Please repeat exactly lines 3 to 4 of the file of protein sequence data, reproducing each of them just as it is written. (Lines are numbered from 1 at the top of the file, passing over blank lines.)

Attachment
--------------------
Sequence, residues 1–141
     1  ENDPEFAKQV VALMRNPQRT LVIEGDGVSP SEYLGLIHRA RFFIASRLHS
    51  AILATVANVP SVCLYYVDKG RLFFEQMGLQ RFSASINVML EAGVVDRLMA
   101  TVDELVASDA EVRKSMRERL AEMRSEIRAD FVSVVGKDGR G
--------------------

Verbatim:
    51  AILATVANVP SVCLYYVDKG RLFFEQMGLQ RFSASINVML EAGVVDRLMA
   101  TVDELVASDA EVRKSMRERL AEMRSEIRAD FVSVVGKDGR G